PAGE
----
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Technology in logistics has become increasingly prevalent and its effect on the industry has been manifold. Businesses are expected to use it, and not praised for doing so. It has fundamentally changed the way businesses work, be it by transforming the supply chain, changing the ways in which suppliers meet their customers’ needs or how they strategise for the future.
Internet of Things
Data is the new major asset in logistics. One of the many ways this data is collected in the evolving supply network is through the massive growth in connected assets and products. This connectivity, forming the Internet of Things (IoT), generates and communicates much more information from the supply chain than we have seen in the past. Through cloud-based technologies, increased network connectivity and the ubiquity of sensors, the IoT has developed considerably in recent times and is no longer just a concept or a technology reserved for agile start-ups and asset-rich multinationals.
"As the supply chain evolves to become a more connected network, sharing accurate and timely information between partners will also be a vital component for achieving success"
There is also an expectation that manufacturers and retailers must now employ a host of technologies to ensure the supply chain is fully connected, whether it is order tracking and inventory management, or a full Warehouse Management System. As these systems link with others across the business - sales, transport, returns management or a combination of these - firms need to consider whether logistics companies have the capabilities to connect seamlessly with their own technologies.
Businesses are seeing the true benefit of investing in their IT infrastructure to support the integration of massive amounts of IoT data to make sure they meet customers’ expectations.
A variety of systems and data repositories needs to be able to communicate with each other and allow all data in the network to be viewed together. To enable this, investments in IT foundation and platforms to properly collect, analyse and distribute data from sensors throughout the supply network is vital. If executed properly, the investment can open up opportunities for new business models; something progressive firms recognise and are actively pursuing.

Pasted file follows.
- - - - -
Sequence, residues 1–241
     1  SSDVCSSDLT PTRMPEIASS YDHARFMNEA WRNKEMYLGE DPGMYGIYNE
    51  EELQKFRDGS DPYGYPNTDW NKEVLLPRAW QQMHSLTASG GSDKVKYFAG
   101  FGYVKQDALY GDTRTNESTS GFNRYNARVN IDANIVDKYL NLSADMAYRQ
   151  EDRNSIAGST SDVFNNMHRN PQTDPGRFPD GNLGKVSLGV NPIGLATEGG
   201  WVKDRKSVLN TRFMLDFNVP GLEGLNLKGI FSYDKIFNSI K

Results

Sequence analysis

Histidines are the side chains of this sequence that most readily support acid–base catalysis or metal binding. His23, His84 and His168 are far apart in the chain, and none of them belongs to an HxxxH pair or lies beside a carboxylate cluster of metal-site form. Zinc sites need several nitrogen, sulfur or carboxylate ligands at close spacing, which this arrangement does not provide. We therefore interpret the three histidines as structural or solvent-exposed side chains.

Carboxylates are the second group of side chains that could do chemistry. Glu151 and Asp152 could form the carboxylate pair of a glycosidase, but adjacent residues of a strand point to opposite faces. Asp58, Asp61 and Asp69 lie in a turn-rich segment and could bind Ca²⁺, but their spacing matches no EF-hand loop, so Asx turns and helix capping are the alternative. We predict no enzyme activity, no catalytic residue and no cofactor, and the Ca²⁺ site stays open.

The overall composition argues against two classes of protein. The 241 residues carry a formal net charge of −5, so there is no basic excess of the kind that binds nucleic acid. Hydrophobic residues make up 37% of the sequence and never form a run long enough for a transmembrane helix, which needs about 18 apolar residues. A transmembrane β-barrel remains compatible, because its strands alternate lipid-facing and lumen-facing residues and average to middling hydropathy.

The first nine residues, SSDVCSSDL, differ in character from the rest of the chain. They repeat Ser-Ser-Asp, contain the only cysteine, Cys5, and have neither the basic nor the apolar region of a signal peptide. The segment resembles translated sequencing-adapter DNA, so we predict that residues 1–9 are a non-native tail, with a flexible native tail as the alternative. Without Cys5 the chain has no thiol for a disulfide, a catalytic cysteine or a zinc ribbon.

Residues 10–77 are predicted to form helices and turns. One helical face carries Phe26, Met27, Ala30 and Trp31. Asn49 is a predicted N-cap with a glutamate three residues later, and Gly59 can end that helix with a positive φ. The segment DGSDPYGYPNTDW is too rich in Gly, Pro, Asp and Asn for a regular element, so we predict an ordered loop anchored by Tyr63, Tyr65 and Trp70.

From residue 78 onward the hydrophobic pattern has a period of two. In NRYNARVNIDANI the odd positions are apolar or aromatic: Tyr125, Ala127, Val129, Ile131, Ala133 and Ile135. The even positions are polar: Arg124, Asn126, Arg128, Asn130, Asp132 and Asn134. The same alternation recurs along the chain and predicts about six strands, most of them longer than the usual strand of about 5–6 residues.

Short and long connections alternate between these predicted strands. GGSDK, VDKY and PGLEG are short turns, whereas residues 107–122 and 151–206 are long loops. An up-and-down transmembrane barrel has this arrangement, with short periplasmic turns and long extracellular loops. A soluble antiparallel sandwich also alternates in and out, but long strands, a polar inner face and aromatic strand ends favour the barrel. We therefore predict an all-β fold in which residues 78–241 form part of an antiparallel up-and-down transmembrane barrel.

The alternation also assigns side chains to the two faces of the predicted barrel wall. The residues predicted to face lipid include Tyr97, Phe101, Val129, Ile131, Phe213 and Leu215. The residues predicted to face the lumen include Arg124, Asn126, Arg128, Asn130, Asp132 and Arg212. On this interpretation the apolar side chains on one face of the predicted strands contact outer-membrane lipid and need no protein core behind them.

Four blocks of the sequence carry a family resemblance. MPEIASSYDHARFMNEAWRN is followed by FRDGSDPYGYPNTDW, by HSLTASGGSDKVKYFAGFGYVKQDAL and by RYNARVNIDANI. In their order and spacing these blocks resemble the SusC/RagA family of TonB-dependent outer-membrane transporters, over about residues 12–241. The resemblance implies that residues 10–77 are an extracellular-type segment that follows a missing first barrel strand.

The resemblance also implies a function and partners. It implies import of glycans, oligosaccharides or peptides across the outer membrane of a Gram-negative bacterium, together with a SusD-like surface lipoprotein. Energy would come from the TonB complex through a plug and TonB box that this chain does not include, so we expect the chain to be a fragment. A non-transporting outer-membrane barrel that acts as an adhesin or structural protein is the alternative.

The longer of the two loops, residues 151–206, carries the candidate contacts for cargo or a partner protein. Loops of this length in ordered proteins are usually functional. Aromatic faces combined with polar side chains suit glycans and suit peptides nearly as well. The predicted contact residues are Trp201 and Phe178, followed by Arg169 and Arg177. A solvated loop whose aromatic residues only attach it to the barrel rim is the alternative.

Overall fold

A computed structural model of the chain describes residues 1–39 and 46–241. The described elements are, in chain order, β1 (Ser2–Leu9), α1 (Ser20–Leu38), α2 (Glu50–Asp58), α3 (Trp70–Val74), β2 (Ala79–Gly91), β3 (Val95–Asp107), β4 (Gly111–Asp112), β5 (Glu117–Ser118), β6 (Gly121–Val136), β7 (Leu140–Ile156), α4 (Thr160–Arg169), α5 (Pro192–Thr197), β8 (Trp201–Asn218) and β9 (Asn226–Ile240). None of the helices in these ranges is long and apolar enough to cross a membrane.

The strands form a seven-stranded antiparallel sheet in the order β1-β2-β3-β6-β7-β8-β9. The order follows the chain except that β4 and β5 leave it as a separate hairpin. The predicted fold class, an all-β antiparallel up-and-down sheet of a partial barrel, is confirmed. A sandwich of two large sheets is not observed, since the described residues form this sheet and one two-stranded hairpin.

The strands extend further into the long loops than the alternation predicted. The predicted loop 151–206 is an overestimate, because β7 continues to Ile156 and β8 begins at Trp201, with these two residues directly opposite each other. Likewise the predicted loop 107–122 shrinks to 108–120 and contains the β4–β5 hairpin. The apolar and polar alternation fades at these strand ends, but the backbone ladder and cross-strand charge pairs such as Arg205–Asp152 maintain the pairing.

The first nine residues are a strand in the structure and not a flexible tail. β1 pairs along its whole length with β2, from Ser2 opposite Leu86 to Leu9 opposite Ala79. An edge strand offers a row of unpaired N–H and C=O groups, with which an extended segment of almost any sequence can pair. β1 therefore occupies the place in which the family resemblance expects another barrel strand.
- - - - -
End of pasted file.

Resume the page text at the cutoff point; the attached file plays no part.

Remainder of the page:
What further benefit will this new technology and investment bring in the future? Firstly, it has the potential to add an unprecedented level of supply chain visibility. Real-time information collected from assets and products throughout the supply network leads to immediate decision-making, increased accuracy in forecasting, and more efficient asset deployment. Secondly, it will allow businesses to learn more about their customers, anticipate their needs, and provide a more tailored service. And finally, in the case of food products, the combination of IoT and Blockchain will ultimately provide the most complete view of their origin as they traverse the supply chain from end-to-end, giving us a new level of confidence in the quality of what we consume.
As the supply chain evolves to become a more connected network, sharing accurate and timely information between partners will also be a vital component for achieving success. IoT, as a technology on the cusp of mass adoption, has the potential to be a game-changing technology for the network to achieve this aim.
Easier and faster
There has been a step-change over the last year in the way emerging technologies are becoming faster and easier to deploy. Logistics and our customers’ needs now move incredibly quickly and our service must evolve across the life of a contract – all driven by the ever-increasing expectations of the end consumer. The days are gone when continuous improvement was enough to meet a customer’s need to drive down cost and improve efficiency as customers are increasingly looking for logistics firms to go beyond this and push a new approach to rapidly deployable innovation, which supports their ambitions.
Wincanton is focused on growth and we are supporting this through scaling up, modernising existing systems and solutions, exploiting their capabilities to support our customers, and by looking for innovation in all we do. In each of these areas, we have major programmes of work underway. We are also investing time and effort in artificial intelligence and machine learning, which are becoming mainstream for a modern business such as ours.
For decades the logistics chain has been a relay race – suppliers pass the baton to manufacturers who pass it to logistics companies who pass it to retailers. The reality in a world of connected data and advanced technology is that it actually looks more like a network than a chain, as a fundamental shift from a linear way of thinking to a networked and systems-led way of working is becoming the norm. Businesses need a networked view of data through the cycle - only then can they achieve the lightning speed and flexibility that is expected and demanded of modern logistics.